Spiritual Moment

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Be Merciful!

Sep. 10, 2015

From the pen of Dr. Sam Jones 


“Kindness; According to the multitude of Your tender Mercies, Blot out my transgressions” (Psa. 51:1).

Although I was formerly a blasphemer, a persecutor, and an insolent man; but I obtained mercy… (I Tim. 1:13).


The Bible provides its readers, from Genesis to Revelation, many outstanding characters to emulate. Each person’s life, whether it’s Abraham, Samson, Sarah, Peter, Timothy, Mary, Barnabas, Samuel, Ruth, John, Esther, Jeremiah, Josiah, Hezekiah, Rahab, Daniel, and many others, offers lessons to make people better. Perhaps you can identify with one or more of the Bible characters, depending on the issue. But when it comes to being a recipient of God’s mercy; maybe each of us can related in some way to King David and the Apostle Paul. 

All have sinned or transgressed the will of God (Rom. 3:23)! Maybe, you haven’t murdered anyone or committed adultery, but let’s not forget a sin is a sin. Possibly in someone’s mind, David and Paul committed sins which fall into the “horrible” category. Regardless of how their sins are classified, God showed them mercy.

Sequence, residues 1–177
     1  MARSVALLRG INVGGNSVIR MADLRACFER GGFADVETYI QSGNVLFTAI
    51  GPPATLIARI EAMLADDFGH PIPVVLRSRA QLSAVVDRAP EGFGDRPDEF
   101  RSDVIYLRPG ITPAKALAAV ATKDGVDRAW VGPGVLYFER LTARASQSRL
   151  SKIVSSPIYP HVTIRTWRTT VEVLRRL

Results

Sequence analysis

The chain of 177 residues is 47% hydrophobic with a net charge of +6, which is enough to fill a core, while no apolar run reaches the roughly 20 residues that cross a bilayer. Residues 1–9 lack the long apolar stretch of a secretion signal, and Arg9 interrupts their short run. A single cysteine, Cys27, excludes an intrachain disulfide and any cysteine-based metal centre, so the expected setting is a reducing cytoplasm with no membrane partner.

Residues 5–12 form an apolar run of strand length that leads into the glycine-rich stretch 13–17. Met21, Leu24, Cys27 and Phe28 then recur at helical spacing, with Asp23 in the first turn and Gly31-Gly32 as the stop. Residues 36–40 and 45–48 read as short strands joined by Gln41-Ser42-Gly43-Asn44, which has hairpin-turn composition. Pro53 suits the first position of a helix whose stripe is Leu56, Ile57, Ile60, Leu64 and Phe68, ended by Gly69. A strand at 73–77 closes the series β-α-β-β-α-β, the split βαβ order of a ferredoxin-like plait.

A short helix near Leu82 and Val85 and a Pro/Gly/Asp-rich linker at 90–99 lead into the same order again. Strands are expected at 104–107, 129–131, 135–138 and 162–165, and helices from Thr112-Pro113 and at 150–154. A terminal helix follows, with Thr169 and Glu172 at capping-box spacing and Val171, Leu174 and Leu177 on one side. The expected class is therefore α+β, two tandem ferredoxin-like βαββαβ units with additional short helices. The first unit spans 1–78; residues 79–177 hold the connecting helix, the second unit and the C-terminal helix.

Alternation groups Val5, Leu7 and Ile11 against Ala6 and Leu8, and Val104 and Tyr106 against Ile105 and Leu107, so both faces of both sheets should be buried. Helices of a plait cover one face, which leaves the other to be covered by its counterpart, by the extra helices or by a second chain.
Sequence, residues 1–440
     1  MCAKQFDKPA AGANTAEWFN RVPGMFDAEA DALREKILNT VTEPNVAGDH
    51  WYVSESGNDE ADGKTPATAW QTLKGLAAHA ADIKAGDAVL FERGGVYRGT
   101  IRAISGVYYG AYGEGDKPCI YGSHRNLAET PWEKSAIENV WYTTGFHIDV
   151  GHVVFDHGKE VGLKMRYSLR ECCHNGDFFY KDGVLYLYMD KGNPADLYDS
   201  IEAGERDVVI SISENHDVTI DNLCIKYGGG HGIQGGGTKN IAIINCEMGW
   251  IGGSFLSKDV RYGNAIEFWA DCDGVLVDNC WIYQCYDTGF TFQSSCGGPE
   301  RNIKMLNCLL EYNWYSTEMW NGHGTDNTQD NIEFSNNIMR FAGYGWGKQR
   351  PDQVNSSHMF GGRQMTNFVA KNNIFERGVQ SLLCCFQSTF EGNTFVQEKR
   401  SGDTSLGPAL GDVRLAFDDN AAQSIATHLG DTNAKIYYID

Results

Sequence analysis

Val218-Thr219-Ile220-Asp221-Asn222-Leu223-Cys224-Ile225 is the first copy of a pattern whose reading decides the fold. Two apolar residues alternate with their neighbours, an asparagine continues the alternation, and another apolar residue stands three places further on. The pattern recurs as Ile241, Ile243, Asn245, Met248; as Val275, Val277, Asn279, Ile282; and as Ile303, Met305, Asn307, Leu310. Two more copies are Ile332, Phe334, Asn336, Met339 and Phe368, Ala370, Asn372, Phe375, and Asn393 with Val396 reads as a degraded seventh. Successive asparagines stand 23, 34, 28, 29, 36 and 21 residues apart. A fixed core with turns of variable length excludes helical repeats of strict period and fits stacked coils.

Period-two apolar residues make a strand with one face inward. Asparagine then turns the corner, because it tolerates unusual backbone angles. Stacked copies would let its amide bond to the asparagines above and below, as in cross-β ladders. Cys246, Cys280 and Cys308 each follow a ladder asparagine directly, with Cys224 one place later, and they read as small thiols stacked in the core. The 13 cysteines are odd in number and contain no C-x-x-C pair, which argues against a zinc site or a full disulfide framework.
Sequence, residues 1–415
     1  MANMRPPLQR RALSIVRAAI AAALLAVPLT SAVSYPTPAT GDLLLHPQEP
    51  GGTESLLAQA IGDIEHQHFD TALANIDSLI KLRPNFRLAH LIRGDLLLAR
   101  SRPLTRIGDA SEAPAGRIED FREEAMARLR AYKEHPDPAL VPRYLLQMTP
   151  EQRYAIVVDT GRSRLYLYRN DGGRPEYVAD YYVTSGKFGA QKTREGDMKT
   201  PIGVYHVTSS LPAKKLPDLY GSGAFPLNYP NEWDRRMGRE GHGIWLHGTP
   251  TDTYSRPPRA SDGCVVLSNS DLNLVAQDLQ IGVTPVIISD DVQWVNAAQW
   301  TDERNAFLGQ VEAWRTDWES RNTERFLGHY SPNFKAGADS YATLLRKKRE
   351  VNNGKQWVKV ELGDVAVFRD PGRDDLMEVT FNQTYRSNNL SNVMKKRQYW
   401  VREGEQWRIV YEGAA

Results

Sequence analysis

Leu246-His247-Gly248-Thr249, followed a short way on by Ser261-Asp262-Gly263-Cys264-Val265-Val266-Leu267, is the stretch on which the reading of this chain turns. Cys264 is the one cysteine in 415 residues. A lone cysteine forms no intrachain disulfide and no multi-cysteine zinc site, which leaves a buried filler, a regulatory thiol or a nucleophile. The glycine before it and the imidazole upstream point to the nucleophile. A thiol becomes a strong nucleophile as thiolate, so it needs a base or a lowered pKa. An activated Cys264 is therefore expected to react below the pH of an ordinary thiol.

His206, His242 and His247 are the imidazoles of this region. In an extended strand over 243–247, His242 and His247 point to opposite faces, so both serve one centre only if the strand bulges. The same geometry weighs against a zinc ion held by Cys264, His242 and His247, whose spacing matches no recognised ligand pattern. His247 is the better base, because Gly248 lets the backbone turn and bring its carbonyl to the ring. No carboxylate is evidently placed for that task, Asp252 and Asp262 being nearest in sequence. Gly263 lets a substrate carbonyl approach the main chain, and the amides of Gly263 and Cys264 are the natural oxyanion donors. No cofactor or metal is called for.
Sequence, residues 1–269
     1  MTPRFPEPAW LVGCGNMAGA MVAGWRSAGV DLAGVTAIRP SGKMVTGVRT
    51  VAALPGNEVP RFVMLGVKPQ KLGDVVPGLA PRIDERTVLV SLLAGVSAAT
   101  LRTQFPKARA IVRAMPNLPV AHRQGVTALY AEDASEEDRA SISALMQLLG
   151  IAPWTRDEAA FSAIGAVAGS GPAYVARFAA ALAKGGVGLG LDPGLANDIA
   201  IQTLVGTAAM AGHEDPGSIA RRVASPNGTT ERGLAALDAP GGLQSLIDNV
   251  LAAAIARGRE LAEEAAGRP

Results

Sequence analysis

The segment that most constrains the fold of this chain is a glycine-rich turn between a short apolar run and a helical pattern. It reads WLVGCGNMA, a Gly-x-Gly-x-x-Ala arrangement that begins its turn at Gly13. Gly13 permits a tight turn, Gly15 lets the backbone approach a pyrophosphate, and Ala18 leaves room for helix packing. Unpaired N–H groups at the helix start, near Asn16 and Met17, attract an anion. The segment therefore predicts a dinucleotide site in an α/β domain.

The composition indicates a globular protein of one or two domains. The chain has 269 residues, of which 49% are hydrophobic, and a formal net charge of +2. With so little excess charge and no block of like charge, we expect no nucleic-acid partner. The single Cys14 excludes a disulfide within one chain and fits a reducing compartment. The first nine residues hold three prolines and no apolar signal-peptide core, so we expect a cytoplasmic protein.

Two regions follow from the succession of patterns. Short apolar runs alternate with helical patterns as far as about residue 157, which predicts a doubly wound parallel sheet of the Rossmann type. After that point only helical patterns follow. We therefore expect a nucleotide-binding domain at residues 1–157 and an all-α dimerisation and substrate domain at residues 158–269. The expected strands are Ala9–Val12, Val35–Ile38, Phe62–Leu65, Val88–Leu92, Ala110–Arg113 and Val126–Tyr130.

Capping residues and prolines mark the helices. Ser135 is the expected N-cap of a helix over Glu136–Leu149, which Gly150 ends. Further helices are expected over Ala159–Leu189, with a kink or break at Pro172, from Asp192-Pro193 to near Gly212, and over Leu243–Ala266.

Each one of us deserves the consequence of decisions, choices, and actions of our hearts, but God has granted us mercy. God has withheld from us what we rightly deserve, and has given us mercy. God showed David and Paul kindness and compassion in spite of their actions. 

David was an adulterer, murderer, and liar. Yet, the Bible declares that he was a “man after God’s own heart” (Acts 13:22). How is this possible? God’s mercy made it possible. Psalm 51 is an aftermath of David’s sins. David acknowledged his sins (2 Sam. 12:13), and received mercy not justice. David became a great man for God and leader of God’s people, because of God’s mercy. Paul, informs Timothy that he saw himself as the worst of all sinners, but he was selected by God to preach the good news of the gospel (I Tim. 1:13). How could God use such a horrible sinner? Acts 9 describes Paul’s “eye opening experience;” after he discovered that his actions were against God – he changed. After acknowledging his sins (Acts 22:16), he received mercy.

The challenge today is twofold. First, be thankful for God’s mercy. God has not given you what you deserve but mercy; and secondly, display mercy in your encounters with others. Don’t give people what they deserve – be merciful!